So I sulked about the storm’s name and the nerve pain cranking up again. I sulked about there being nothing on TV. I sulked when I found out The Teenager had demolished the rest of the mince pies. And then, A Christmas Miracle.

The Boss texted me. He was going to Ikea and would I like to join him? Well, I could just as easily sulk in Ikea as at home – and have more reason to – so I went. Best. Cure. Ever.

It was blissfully quiet, I got to stock up on candles and had a leisurely coffee while watching harassed parents attempt to control their over-excited toddlers. Been there, done that. Nerve pain? Still thrumming away, still painful, but with the company of a good friend and a change of scenery, just about manageable.

This lull allowed me to reflect on how lucky I am to have you guys to offload to, to grumble to and to feel part of a larger group of good mates. I love your comments and your emails and who knows what my fifth year of blogging will bring?

p.s. If I hear, ‘Barbara’s going to be very windy’ one more time, I’ll cry again …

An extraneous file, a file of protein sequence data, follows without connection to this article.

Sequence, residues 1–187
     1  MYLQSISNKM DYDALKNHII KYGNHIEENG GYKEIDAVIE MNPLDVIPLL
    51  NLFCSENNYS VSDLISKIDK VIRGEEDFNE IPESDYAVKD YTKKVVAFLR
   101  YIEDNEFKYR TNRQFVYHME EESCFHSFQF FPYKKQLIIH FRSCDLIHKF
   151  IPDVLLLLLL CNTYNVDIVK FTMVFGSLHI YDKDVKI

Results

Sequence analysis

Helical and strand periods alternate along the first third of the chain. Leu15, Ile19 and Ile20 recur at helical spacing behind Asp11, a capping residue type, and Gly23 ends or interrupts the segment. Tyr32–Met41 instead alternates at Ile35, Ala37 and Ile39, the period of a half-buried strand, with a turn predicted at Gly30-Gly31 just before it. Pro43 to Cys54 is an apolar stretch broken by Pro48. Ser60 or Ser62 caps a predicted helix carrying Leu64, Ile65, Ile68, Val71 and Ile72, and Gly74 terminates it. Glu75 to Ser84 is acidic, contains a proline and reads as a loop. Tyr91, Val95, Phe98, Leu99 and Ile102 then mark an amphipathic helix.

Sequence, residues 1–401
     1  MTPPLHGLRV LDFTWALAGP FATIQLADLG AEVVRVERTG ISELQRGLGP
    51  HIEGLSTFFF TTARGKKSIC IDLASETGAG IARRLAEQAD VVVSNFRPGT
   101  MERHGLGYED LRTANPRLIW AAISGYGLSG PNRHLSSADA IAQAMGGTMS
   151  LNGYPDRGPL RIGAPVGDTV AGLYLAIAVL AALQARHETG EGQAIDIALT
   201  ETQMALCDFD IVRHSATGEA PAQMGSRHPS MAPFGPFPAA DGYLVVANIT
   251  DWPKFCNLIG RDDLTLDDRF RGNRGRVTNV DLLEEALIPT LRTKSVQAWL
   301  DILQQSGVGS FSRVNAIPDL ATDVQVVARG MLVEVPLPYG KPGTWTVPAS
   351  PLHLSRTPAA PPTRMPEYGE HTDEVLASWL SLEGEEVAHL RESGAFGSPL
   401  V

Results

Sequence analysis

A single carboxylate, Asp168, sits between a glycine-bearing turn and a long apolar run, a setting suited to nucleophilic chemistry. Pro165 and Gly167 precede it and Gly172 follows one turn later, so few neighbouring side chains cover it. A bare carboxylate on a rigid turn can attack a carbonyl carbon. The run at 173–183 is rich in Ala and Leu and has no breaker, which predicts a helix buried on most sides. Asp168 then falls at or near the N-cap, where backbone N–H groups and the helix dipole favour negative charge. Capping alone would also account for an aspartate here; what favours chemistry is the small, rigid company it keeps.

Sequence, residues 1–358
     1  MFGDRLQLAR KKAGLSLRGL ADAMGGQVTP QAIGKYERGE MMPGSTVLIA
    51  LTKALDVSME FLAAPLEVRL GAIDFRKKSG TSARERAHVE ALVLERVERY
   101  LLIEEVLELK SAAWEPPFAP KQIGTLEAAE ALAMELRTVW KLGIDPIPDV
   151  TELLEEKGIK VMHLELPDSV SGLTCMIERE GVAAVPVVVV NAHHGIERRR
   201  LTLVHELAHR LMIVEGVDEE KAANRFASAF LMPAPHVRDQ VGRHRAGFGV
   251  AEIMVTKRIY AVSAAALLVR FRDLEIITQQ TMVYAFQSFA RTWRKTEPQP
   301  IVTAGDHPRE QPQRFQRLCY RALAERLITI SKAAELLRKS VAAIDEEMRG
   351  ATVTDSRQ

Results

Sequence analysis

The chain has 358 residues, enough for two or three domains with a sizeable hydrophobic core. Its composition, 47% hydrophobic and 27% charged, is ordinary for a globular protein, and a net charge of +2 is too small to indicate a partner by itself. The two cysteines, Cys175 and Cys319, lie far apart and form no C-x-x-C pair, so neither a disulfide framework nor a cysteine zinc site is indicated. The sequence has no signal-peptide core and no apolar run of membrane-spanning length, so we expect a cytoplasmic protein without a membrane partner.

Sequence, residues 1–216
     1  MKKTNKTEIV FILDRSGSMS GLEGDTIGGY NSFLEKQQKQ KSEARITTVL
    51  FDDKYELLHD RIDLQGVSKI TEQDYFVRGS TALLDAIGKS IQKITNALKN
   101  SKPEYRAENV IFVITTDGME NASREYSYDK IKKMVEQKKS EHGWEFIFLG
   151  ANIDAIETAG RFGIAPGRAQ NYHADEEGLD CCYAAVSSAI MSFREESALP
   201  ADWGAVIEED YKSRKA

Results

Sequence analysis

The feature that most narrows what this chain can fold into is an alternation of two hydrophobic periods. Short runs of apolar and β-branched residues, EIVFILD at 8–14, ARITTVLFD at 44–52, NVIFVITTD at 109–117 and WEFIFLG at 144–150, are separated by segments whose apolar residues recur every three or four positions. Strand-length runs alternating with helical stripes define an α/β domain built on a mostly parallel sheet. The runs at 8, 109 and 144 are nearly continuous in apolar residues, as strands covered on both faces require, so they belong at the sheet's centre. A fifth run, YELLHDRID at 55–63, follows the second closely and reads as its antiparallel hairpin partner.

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Standing Up For Sitting Down

sittingChristmas, I salute you.

It’s practically mandatory to sit down all day, watch old black and white films, gorge on chocolate and generally do not very much at all.

I love it.

Sadly though, I also have a short story (experimental and transgressive, gah) and a critical reflection piece to write.

Looking on the bright side however, it just means I get to sit down some more, only this time at my desk (after shoving the cat off the chair). Plus adequate supplies of chocolate and an old film playing in the background, the tv turned towards me.

Or that was the plan.

The Teenager has taken to his phone to communicate with me by text throughout the festivities and subsequent academic struggles: